Friday/6-May-16: A busy day today. On the way back from my haircut, I stopped for a bit more shopping (including four chairs for outside dining). Then home to put it up in time to take Sophie to the vet to have her bandage changed. Actually it was removed. So now we see the bare, green stitches closing a gash about as long as my index finger. Another week till they're removed.

Dinner was Cabillaud au Citron Vert et Baies Roses (web); that's cod with lime and red peppercorns for those whose menu French isn't up to snuff. This was supposed to be cooked in close dishes in the microwave. I did it in foil-covered dishes in the oven. Pretty good. Served with trio rice and Baked Eggplant Slices (TooMany, p114), an old favorite. For dessert we had more Grand Marnier crêpes with the rest of the strawberries.

Yogurt on overnight. Chickpeas soaking overnight

Saturday/7-May-16: Went to a pottery fair today, the one we visited two years ago. Before we left, I put the chickpeas on to cook in the slow cooker.

Dinner was a half dose of Chickpeas Cooked in a Moghlai-Stye (WorldVeg, p32). This is actually pretty easy to make if you have all the ingredients, ground roast cumin seeds (I used up my stash and topped it up with regular cumin), garam masala, puréed tomatoes ( made some and froze the leftover bit). Quite tasty. Served with Cabbage Salad with Mustard Seeds (WorldVeg, p617), Carrot and Cilantro Salad (WorldVeg, p618), and Potato Chaat (MJ@Home, p165). All quite tasty. MiniMags for dessert. We ate well.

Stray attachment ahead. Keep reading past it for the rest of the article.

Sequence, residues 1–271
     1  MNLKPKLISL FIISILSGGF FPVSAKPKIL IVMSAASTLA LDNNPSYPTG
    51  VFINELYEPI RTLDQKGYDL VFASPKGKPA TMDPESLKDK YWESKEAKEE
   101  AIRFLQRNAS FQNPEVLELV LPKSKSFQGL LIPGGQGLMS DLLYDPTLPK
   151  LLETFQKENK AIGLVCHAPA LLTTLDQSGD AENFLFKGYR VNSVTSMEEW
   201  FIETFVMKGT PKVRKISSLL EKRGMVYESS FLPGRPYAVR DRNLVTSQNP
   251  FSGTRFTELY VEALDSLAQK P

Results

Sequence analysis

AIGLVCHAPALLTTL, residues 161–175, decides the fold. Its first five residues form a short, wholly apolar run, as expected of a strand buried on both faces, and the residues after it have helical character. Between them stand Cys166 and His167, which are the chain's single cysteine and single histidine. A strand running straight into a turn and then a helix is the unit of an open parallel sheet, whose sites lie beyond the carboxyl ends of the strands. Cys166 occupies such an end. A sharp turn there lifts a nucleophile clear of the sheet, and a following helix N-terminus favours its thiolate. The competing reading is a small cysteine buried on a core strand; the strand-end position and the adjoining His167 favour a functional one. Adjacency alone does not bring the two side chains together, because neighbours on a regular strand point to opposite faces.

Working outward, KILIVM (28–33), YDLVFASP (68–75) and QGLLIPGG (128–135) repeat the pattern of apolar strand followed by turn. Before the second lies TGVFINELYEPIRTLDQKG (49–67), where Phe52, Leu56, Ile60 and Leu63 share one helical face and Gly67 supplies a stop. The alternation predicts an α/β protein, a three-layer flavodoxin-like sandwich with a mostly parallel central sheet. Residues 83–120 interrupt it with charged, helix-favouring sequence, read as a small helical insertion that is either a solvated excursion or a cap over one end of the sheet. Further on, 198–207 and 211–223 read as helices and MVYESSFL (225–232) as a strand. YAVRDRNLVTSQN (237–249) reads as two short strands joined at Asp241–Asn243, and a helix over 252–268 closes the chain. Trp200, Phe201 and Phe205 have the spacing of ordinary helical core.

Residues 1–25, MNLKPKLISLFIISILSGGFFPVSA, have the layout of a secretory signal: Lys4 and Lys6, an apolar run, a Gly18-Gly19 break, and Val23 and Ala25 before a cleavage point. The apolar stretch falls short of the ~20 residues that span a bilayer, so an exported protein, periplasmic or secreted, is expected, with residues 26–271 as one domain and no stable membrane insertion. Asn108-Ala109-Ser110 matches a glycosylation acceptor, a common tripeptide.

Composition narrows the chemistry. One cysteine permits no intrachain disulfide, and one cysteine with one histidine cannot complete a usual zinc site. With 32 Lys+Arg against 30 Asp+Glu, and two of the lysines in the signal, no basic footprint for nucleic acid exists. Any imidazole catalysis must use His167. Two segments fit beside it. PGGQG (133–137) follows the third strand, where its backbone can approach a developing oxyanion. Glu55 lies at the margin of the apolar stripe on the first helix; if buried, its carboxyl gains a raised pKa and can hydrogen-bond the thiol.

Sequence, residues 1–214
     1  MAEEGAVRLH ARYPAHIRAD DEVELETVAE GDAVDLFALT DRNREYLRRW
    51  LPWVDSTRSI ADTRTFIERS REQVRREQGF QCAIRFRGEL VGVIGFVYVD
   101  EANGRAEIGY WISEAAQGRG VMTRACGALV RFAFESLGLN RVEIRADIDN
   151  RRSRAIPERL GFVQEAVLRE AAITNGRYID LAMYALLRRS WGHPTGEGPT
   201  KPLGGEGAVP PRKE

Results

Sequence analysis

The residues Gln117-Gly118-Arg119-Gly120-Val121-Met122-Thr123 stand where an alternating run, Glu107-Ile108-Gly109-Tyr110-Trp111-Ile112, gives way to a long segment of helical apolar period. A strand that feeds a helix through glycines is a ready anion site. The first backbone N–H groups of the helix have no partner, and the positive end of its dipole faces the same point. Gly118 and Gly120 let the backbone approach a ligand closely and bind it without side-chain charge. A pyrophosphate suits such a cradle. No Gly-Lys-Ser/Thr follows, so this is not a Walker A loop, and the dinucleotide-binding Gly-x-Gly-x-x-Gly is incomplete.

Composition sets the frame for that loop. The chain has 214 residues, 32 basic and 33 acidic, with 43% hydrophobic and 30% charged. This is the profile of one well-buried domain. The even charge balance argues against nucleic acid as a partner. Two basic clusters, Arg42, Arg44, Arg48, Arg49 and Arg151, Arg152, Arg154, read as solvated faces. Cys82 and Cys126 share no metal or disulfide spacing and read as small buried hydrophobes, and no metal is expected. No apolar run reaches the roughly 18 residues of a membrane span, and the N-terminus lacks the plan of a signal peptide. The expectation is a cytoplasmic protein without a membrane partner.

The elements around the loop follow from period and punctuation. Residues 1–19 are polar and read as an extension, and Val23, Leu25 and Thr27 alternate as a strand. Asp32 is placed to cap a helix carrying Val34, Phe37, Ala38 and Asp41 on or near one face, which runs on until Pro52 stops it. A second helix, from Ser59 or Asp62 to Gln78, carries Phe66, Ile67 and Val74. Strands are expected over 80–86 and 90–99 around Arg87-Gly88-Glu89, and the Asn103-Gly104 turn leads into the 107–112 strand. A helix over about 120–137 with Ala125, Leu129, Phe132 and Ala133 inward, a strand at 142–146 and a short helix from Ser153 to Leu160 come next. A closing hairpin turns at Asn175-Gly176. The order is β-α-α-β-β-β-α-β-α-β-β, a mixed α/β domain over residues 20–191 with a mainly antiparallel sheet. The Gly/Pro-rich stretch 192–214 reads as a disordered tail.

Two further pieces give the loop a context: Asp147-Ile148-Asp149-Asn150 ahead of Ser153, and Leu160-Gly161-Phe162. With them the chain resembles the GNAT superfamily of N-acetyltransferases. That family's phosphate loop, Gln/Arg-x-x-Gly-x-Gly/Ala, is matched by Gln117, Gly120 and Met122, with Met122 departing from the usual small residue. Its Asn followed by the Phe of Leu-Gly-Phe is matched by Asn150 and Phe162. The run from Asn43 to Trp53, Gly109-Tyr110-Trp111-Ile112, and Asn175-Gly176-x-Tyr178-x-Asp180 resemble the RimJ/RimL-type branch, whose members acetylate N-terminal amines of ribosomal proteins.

Sunday/8-May-16: Early dinner tonight before we went to a movie. We had Swartzuur—Lamb Stew with Tamarind and Dumplings (TLAfrica, p33). Pretty good. Takes some clock time, but not especially hard to make. The meat is not browned, just plopped in the pot with onions and chicken stock, then simmered. After a while tamarind water gets added in. Then some dumplings, the oddest I've ever made. Flour is dumped into boiling stock (rescued from lamb pot before the tamarind was added) and stirred into submission; after that cools a bit, you stir in an egg. Or stir,stir,stir as my mother used to instruct. Tasty sweet-sour result.

Progress on goals
This week: #1 BACKLOG: no; #2 VEG/FISH: 3
This month: #3 PASTA: no; #4 BREAD: no; #5 FotW: yes for April/May